Figure 5. Digestion pattern of the AprE127 subtilisin in fibrinogen.

The effect of AprE127 in coagulation was investigated using activated partial thromboplastin time (APTT), prothrombin time (PT) and euglobulin clot lysis time. Despite the strong activity of AprE127 in the hydrolysis of α-fibrinogen, a slight increase in APTT (from 37.6 to 39 s) and PT (from 12.6 to 13 s) was observed (Table 4), both within the normal range values (27–40 s for APTT and 11–14 s for PT). The assay performed with the blood fraction euglobulin that contained fibrinogen, plasminogen and PA allowed the confirmation that AprE127 did not impair the clot formation, which occurred within the same time and almost in the same extension in treated and non-treated euglobulin (Fig. 6). Nevertheless, AprE127 reduced the fibrinolysis time. In the control, the clot lysis curve was 462 min, whereas in euglobulin treated with AprE127, it was reduced to 100 min and started shortly after coagulation.

Table 4 . Activated partial thromboplastin time (APTT) and prothrombin time (PT) in whole blood sample treated and untreated with AprE127 subtilisin..

AssayControl (s)Treated (s)
APTT37.6 ± 1.239 ± 1.5
PT12.6 ± 0.413 ± 0.5

Figure 6. The activity of AprE127 subtilisin in fibrinolysis. Clot lysis time of euglobulin treated and untreated with AprE127 subtilisin. Data are presented as mean ± SD, n = 3.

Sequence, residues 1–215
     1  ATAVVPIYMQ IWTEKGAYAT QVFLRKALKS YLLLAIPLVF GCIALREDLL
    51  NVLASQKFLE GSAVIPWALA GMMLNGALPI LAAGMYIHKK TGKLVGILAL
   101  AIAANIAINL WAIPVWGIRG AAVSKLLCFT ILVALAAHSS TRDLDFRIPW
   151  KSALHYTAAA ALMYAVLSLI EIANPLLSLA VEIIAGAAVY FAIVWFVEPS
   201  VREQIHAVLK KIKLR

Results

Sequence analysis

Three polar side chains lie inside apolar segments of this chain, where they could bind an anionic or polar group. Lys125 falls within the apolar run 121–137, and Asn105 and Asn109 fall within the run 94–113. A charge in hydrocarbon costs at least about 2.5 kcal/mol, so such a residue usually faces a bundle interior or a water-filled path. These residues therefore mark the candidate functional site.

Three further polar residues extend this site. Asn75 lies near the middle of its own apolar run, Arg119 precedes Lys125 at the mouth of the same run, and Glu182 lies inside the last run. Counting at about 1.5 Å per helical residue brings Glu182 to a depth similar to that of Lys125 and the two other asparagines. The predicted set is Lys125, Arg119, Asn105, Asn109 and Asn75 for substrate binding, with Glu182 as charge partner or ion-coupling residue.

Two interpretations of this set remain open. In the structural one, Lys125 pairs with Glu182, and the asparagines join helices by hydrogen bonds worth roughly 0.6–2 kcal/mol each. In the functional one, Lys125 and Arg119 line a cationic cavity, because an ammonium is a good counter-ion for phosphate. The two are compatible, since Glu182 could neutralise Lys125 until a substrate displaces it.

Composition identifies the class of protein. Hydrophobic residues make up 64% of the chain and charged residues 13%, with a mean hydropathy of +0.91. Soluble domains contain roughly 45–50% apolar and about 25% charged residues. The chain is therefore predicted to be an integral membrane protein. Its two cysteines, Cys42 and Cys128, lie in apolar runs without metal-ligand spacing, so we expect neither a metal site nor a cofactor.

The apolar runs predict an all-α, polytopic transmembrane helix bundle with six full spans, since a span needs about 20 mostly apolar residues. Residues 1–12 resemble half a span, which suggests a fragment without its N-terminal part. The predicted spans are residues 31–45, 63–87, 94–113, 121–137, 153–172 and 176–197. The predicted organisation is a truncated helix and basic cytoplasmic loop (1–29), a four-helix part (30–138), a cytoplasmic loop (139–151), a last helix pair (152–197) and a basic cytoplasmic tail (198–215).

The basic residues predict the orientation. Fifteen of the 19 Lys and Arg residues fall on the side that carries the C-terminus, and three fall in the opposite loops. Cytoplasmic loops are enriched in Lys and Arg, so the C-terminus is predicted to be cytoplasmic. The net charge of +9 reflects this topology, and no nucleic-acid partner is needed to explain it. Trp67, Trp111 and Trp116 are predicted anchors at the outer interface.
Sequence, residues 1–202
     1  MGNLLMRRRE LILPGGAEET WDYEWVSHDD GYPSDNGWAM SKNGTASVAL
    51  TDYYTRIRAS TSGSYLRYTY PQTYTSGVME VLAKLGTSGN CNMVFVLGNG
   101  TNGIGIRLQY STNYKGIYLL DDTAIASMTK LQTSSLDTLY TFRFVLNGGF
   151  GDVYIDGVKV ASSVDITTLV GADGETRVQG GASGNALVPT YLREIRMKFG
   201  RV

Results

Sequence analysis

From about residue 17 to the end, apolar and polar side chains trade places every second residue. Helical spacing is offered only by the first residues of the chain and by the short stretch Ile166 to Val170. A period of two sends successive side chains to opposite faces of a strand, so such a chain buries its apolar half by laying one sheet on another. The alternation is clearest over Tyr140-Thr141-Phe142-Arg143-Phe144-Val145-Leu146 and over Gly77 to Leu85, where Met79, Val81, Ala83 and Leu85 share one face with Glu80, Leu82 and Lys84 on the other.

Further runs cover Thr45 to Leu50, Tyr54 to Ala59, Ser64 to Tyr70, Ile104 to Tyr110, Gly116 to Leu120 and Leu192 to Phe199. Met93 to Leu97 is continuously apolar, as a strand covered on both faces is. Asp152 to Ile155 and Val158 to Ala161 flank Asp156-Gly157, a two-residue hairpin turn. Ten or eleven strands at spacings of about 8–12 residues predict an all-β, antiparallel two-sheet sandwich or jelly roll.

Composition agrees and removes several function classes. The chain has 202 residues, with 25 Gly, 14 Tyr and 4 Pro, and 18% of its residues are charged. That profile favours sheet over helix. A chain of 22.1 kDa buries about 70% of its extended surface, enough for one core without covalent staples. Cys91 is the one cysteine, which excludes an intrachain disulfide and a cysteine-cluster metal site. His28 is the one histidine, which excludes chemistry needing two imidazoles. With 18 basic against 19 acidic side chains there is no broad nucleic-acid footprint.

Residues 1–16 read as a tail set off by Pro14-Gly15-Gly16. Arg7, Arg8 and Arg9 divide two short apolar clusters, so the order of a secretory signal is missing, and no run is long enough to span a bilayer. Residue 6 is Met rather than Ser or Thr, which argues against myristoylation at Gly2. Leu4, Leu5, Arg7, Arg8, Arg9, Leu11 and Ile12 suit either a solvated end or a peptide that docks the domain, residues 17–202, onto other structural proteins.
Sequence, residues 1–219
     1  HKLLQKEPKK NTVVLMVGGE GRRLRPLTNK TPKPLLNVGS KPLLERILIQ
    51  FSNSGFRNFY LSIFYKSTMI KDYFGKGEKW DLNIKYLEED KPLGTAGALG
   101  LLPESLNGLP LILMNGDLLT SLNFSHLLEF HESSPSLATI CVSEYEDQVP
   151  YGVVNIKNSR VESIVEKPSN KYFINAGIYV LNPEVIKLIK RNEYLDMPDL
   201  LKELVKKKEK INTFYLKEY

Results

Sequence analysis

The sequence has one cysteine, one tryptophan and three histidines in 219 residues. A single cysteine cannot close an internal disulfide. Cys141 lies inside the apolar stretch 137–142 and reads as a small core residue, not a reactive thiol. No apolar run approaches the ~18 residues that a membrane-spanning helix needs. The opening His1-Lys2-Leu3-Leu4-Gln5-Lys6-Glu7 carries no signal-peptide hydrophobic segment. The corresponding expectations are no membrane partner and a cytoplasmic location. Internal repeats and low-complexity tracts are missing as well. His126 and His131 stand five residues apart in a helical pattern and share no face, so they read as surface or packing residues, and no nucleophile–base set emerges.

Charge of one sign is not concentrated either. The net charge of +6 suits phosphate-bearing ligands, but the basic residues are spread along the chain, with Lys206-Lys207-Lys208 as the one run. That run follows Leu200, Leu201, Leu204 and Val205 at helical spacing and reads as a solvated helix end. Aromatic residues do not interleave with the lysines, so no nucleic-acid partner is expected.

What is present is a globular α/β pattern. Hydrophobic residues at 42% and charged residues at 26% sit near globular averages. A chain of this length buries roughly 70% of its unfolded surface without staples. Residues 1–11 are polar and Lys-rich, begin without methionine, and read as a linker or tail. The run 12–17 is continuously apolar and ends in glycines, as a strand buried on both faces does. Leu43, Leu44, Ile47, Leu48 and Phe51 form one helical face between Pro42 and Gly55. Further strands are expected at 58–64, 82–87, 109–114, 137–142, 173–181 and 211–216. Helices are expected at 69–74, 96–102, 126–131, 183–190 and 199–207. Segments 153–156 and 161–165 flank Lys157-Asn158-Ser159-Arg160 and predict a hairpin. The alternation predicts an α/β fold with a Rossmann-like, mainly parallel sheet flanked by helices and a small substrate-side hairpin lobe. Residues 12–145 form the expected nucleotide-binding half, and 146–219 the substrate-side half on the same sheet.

The in vitro thrombolytic effect of AprE127 in thrombus with about 1 mm3 was tested. The treatment with 250 μg/ml of AprE127 completely dissolved the thrombus in about 50 min (Fig. 7A). The activity of AprE127 in degrading thrombi in vivo was assayed in the tails of Wistar rats in which thrombosis was induced by the injection of carrageenan, as previously reported [26, 27]. The average extension of the thrombi formed on the control animals was 13.13 ± 0.6 cm, while the extension of the thrombi formed in the animals injected with AprE127 was 11.63 ± 0.9 cm. This represented an 11.4% reduction in 24 h post-treatment (Fig. 7B). It should be noted that this effect of AprE127 remained 48 h post-treatment (Fig. 7B).